Viewing the Plan Cache

I’m working on a script and wanted to know how SQL was caching the query plan. So I wrote this little snippet. The only real value I’m adding here is getting the XQuery correct to pull out the SQL itself.

-- Run your query here
        qp.query_plan.value(N'(//@StatementText)[1]', N'NVARCHAR(MAX)')
    FROM sys.dm_exec_cached_plans AS cp
        CROSS APPLY sys.dm_exec_query_plan(cp.plan_handle) AS qp;

Of course, I don’t recommend that DBCC in a production environment. But in a dev environment, it makes things easy.

Pages Used

One of the items in my toolbox is this simple query that returns the number of pages used by different tables in the database. The nice thing is that it gives one simple number that includes indexes, lob data – basically the whole table.

  FROM sys.dm_db_partition_stats AS ddps
    INNER JOIN sys.objects AS o
      ON ddps.object_id = o.object_id
    INNER JOIN sys.schemas AS s
      ON o.schema_id = s.schema_id
  ORDER BY SUM(ddps.used_page_count) DESC;

I just used this on a database today to find that there are some leftover tables from a migration a while back that are eating up a considerable amount of space. Time to run some DROP TABLE scripts!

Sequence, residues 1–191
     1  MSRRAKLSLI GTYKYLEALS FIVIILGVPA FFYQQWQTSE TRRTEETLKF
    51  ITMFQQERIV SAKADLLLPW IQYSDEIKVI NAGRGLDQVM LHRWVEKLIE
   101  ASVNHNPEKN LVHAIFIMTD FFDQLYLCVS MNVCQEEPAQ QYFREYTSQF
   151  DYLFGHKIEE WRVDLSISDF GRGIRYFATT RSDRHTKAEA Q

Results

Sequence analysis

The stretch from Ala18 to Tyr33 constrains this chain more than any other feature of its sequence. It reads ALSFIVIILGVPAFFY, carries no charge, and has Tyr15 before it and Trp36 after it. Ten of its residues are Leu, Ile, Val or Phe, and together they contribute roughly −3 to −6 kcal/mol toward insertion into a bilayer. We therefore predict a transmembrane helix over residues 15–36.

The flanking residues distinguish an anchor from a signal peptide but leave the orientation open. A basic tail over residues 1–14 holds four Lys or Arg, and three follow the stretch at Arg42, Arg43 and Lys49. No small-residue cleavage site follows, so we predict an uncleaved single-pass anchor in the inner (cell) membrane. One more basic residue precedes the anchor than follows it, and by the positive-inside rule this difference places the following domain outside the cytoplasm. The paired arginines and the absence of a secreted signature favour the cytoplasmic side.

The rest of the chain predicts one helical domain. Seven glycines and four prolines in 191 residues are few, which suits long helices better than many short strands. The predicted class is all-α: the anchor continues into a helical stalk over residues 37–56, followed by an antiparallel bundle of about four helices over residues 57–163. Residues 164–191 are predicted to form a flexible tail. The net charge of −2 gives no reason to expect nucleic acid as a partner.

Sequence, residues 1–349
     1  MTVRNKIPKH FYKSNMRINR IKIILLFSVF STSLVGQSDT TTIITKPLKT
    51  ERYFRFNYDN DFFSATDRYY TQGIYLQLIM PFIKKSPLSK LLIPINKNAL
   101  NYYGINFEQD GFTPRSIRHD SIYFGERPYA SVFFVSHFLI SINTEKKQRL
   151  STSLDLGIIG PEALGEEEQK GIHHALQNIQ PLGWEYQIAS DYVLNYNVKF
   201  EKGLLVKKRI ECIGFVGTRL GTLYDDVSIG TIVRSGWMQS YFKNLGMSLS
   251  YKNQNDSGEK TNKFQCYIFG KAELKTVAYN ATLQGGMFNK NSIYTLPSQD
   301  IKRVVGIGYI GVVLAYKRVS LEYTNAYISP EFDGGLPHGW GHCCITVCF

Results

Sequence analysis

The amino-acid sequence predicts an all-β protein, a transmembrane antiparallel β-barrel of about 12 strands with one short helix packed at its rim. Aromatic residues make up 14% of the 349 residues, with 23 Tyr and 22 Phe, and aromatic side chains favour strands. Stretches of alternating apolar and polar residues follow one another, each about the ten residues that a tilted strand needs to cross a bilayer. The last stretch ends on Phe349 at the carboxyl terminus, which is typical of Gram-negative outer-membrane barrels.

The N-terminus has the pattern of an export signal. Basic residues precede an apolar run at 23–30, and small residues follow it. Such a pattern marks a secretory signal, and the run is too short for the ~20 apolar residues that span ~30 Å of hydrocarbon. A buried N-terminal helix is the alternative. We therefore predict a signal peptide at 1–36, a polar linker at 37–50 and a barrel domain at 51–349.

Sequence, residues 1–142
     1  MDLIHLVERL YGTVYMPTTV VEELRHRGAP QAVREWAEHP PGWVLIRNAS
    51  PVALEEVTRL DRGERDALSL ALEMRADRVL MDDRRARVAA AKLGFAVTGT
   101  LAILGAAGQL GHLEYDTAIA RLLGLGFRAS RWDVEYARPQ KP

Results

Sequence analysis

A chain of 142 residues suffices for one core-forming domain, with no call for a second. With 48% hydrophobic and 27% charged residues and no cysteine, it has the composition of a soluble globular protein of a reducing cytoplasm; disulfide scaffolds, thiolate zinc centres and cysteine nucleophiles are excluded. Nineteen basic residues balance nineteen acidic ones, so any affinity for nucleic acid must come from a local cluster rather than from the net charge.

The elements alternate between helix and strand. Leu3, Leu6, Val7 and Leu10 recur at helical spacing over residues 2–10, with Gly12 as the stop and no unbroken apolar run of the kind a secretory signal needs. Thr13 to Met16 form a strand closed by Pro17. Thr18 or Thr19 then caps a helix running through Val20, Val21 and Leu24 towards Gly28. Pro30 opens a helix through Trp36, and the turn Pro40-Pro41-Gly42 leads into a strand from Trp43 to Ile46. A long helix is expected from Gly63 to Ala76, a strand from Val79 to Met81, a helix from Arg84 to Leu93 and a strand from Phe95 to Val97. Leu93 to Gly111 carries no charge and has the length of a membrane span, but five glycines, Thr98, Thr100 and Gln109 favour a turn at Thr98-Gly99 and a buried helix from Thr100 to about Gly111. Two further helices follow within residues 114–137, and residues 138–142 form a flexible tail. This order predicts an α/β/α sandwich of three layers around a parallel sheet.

/* Why didn’t I think of this years ago? /*

So, I attended the PASS Summit last week in Seattle. If you’ve never been, I highly recommend it. Especially if it’s in Seattle. Yes, the character of the town is basically dark, rainy, and uphill both ways. But the coffee is good, the seafood is better (especially for a midwesterner like me), and the place is just simply one of the nicer downtowns I’ve seen.

But the PASS Summit itself is also worth it, Seattle or not. You pick up a lot of great stuff, much of it at a very deep level. Adam Machanic’s pre-con on Tuesday, for instance, was such a deep dive into parallelism that my eyes were glazed over by the end of it.

And then there are the little things. The stuff that make you want to kick yourself for not thinking of it before.

I write a lot of dynamic SQL. I have tons of stored procedures that include this little gem:


And then hundreds of lines of conditionals and string concatenation and parameter substitution, followed by sp_executesql.

But what had never occurred to me was this:

DECLARE @stmt NVARCHAR(MAX) = N'/* dbo.NameOfCallingStoredProcedure */ ';


And now when it’s six months later, and I get a call from a DBA who’s trying to troubleshoot a query plan that’s gone sideways, and neither of us know or remember what’s actually generating that query.

It’s the little things, sometimes, that make the big difference.

By the way, this came from Jeremiah Peschka’s AD-302 session, Dynamic SQL: Build Fast, Flexible Queries.